- September 9, 2016
- Posted by: Josiah Hincks Solicitors
- Category: Information Guides, Legal News
The Court of Protection makes decisions on financial or welfare matters for people who can’t make decisions at the time they need to be made (they ‘lack mental capacity’). Our experts Court of Protection Solicitors in Leicester, Blaby, Coalville, Syston and Market Harborough have written the following case study showing what happens if you do not have a Lasting Power of Attorney (LPA) in place.
Court of Protection Case Study
Mr and Mrs X were married and owned a house as joint tenants meaning that on either death the house would pass automatically to the survivor.
Mrs X had lost mental capacity and was in a care home which was funded by the couple’s savings and an equity release that they had taken out on the property.
Mr X became ill and wasn’t given long to live and had telephoned the office to instruct me to call out to the property and make him a Will. It was decided that we would sever the joint tenancy on the property so that in the event of him dying before his wife (which seemed likely) his share of the property would go to his children and grandchildren and not to his wife.
Although we had managed to protect Mr X’s half share in the property the problem arose when he did die. Mrs X didn’t’ have a Lasting Power of Attorney nor did she have the capacity to make one by the time I was involved in the matter.
We therefore had to apply to the Court of Protection to appoint the daughters as Deputies and Trustees for Sale to enable the property to be sold. This process is lengthily and relatively expensive (compared to having an LPA) and although a buyer for the property had been found relatively quickly waiting for the Order from the Court delayed matters quite substantially and the family were worried about losing the buyer.
To add to the matter Mrs X’s care home fees were starting to mount and the family needed to liquidise her half share in the property as soon as possible, but without the Order for Sale were unable to. Due to the time taken in obtaining the Court Order the care home eventually agreed to a deferred payment and placed a charge on the property.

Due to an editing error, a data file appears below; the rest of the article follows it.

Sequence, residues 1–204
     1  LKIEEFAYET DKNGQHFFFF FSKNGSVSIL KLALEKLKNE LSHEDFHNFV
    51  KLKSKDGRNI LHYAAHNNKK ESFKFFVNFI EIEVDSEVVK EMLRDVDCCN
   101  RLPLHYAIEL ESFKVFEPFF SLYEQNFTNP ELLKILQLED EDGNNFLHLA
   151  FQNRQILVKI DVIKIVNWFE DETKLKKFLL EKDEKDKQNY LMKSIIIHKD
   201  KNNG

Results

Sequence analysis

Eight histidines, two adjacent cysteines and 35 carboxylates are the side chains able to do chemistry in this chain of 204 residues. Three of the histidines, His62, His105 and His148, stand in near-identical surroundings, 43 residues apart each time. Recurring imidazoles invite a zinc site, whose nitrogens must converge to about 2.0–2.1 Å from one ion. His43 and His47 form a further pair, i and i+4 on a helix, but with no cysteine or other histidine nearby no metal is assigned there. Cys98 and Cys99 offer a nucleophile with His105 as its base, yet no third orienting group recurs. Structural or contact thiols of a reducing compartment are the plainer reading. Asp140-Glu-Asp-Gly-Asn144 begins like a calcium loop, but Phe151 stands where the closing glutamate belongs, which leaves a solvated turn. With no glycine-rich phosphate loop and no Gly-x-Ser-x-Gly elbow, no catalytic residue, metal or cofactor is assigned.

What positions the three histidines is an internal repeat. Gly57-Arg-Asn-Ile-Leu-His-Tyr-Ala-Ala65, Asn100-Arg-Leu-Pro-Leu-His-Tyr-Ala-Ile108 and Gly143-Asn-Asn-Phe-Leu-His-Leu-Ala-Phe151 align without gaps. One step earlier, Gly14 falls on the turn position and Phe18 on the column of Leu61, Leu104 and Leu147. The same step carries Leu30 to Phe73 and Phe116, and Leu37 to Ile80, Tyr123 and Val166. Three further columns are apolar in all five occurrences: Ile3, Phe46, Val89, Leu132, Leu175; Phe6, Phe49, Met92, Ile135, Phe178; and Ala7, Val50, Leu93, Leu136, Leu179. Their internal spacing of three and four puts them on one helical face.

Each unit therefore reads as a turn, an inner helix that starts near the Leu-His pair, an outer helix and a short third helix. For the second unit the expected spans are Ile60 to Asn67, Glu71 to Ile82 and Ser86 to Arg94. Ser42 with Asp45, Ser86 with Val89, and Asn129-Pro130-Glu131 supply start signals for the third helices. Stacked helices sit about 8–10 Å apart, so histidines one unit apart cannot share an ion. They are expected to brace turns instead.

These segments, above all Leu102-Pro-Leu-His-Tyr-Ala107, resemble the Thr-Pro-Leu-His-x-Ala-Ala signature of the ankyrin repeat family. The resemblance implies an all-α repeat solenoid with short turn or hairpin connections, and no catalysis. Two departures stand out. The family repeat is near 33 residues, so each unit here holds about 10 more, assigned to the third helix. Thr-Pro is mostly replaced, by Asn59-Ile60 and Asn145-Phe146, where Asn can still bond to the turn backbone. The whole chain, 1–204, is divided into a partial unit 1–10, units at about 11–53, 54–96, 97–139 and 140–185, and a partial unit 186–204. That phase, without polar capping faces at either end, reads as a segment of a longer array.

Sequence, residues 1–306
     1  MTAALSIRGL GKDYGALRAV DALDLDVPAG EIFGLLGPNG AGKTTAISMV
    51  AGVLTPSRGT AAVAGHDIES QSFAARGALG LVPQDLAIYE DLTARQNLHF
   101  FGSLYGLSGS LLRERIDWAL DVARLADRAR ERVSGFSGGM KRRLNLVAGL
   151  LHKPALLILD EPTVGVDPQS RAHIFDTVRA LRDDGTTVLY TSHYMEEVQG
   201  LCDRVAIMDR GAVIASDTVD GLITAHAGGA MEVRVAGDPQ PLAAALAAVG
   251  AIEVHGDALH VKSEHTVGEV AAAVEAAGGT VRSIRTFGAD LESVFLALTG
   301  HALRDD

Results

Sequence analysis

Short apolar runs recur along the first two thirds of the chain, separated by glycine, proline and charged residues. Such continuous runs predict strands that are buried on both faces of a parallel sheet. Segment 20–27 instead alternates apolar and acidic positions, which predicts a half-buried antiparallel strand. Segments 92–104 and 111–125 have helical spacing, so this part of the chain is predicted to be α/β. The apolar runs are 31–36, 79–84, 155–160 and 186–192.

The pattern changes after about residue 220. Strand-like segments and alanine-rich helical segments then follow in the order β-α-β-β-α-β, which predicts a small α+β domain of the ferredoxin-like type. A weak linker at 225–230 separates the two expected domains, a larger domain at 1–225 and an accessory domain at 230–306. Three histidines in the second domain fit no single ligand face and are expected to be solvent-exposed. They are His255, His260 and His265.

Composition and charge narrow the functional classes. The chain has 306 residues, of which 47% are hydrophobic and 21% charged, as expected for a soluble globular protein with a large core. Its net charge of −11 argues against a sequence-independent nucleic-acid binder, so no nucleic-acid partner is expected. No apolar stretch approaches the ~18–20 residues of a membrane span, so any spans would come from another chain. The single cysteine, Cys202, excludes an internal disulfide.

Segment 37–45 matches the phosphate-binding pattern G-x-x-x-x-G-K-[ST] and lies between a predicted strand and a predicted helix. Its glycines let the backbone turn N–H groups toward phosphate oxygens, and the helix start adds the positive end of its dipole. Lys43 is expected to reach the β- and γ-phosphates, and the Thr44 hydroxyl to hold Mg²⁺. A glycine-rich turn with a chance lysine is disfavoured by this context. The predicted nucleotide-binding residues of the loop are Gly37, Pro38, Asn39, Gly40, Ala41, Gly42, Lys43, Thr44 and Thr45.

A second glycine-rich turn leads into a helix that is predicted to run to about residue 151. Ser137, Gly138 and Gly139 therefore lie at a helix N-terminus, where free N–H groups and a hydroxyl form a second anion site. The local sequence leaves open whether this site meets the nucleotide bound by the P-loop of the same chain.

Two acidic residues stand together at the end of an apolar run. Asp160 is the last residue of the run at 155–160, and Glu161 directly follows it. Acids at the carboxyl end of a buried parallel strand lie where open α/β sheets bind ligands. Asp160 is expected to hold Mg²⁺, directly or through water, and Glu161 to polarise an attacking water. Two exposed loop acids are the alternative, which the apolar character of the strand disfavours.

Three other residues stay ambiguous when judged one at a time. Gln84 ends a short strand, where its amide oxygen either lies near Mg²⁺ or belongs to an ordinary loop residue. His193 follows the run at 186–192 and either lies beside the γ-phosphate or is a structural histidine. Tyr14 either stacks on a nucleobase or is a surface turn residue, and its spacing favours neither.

Furthermore the equity release that the couple had taken out was accruing daily interest at an astronomical rate.
Eventually the Order was made and the property was sold. The family are now all too aware of the importance of having a Lasting Power of Attorney being in place which would have saved a lot of time, expense and frustration.
If Mrs X had put in place a Lasting Power of Attorney during her lifetime and whilst she had mental capacity this scenario could all have been avoided.
People often think it won’t happen to them but with the ageing population and the increase in illnesses such as Alzheimers and Dementia, Lasting Powers of Attorney are becoming more important.
Have you considered what would happen if you suffered from a physical illness as a result of an accident or a heart attack/stroke for example which left you partially paralysed? That may mean that you could no longer live independently and do the simple day to day things, or if you lost your ability to sign cheques.
It is extremely important to have a Power of Attorney in place in the unfortunate event of you being unable to manage your own finances or your own health and welfare in the future.
It is also important to realise that you cannot put off making an LPA “until the time comes”, as you need to have the mental capacity to make one.
If you wish to discuss make Lasting Powers of Attorney in more detail then please do not hesitate to contact our Wills and Probate Solicitors.
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